Jennifer McBride's

Touching the Trees Journal

Last week I posted the first two parts of a 4-part Living Up series. Part 1 was about waking up to the idea that sometimes your life needs a change. Part 2 was about looking up and seeing what's really going on in your world. Welcome to Part 3: showing up.

A path that showed me the way


Showing up can mean a few different things within the framework of Living Up. It can mean listening to your intuition. It can mean participating fully in a relationship. It can mean making your personal version of healthy choices. Showing up is any type of affirmative action or decision-making that acknowledges you're ready to move forward. And, sometimes, showing up means letting go of past fears (the ones that keep us rooted in place) and welcoming a new path.

For the past year, Huck and I have talked about moving in together. It started out as a joking wistfulness, like "Huh, I could stand having you around all the time." But when the talk got more serious, I got more skittish. I'd only been divorced for a year and a half and could list a whole bunch of reasons why I wasn't ready...I wanted to finish my books, make my house "mine," spend 40 more nights alone in bed, make sure the kids were okay with it, etc. I was fairly sure I couldn't do any of those things if I shifted back into the same kind of supportive role I'd had for the previous 20 years. More importantly, I was fairly sure I would shift right back into that role if he moved in with me...not because he would expect it, but because it might be all I knew how to do.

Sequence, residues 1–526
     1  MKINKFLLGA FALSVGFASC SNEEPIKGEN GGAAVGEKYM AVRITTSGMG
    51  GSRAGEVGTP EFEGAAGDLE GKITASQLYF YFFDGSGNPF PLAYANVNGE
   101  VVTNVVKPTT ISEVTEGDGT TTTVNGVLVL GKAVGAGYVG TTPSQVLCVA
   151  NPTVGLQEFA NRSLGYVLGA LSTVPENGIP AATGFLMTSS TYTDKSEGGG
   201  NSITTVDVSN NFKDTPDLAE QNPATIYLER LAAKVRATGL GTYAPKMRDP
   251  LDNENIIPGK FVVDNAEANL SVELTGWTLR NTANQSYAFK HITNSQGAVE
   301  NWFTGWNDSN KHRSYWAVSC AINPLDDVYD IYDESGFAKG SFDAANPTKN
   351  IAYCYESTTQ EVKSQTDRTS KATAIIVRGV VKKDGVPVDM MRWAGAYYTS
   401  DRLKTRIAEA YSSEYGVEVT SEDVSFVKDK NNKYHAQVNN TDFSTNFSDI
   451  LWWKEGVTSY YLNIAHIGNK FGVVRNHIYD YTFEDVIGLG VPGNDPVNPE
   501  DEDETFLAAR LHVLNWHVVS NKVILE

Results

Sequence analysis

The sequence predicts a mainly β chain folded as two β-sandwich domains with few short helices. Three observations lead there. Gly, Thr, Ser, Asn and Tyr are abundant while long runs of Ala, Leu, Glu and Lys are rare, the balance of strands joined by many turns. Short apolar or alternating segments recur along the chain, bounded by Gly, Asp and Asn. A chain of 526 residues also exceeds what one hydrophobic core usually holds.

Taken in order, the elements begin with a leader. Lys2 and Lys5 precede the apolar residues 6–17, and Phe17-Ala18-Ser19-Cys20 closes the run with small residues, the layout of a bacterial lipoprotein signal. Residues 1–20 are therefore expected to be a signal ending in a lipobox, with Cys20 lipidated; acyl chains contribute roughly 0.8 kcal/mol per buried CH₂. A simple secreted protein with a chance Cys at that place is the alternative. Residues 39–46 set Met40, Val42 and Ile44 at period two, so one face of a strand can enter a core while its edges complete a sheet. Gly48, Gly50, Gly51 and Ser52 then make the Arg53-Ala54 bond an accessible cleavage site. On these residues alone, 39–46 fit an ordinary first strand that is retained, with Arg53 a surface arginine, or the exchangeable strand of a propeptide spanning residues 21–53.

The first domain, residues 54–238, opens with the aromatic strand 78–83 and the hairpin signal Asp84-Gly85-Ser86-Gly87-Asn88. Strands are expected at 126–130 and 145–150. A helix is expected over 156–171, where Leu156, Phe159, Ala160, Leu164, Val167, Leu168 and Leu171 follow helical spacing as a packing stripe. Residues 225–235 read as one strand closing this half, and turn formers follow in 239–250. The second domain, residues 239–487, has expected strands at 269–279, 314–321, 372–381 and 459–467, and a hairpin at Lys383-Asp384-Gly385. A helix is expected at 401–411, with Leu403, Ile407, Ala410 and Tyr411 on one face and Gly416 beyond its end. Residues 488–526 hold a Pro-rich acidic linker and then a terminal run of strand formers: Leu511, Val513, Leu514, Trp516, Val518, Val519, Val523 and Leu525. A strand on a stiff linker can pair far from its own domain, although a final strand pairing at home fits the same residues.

Then we went on our un-eymoon and I felt the unmistakable click of a new way of thinking.


Huck's and my vacation included a 25-minute, 10-person flight over the eastern edge of Puerto Rico, above a short expanse of the Atlantic Ocean, and onto the island of Vieques. (Frankly, the first step I took toward showing up was getting on that tiny flyer!) Vieques is relatively small, at roughly 20 miles long and 4 miles wide, and known for being a Navy bombing site turned beach paradise. Part of our trip to Vieques included a plan to see as many of the beaches as possible in four days. 

View from Pilot Bob's puddle jumper

The first full day we were on the island, Huck and I got up early, donned swimsuits, sunscreen and t-shirts, took the top off our rental Jeep, and set off on our first adventure--a trip up the southeastern edge of the island to see all the beaches listed on our completely-not-to-scale tourist map.

Here's how we got to our first beach: We turned right at the comida (after loading up on ice, water, diet soda, fried plantains, and Medalla Light). Then we turned right at the blue bus (a deserted, weed-overtaken vehicle whose most recent previous life was as a roadside cafe named "Sol Food"). We followed that unnamed road until the pavement and speed bumps gave way to dirt and bramble bushes. From there we had two choices--turn right to the boat launch or stay straight to Playuela Garcia, the first beach on our plan. We turned right and found this:

The boat launch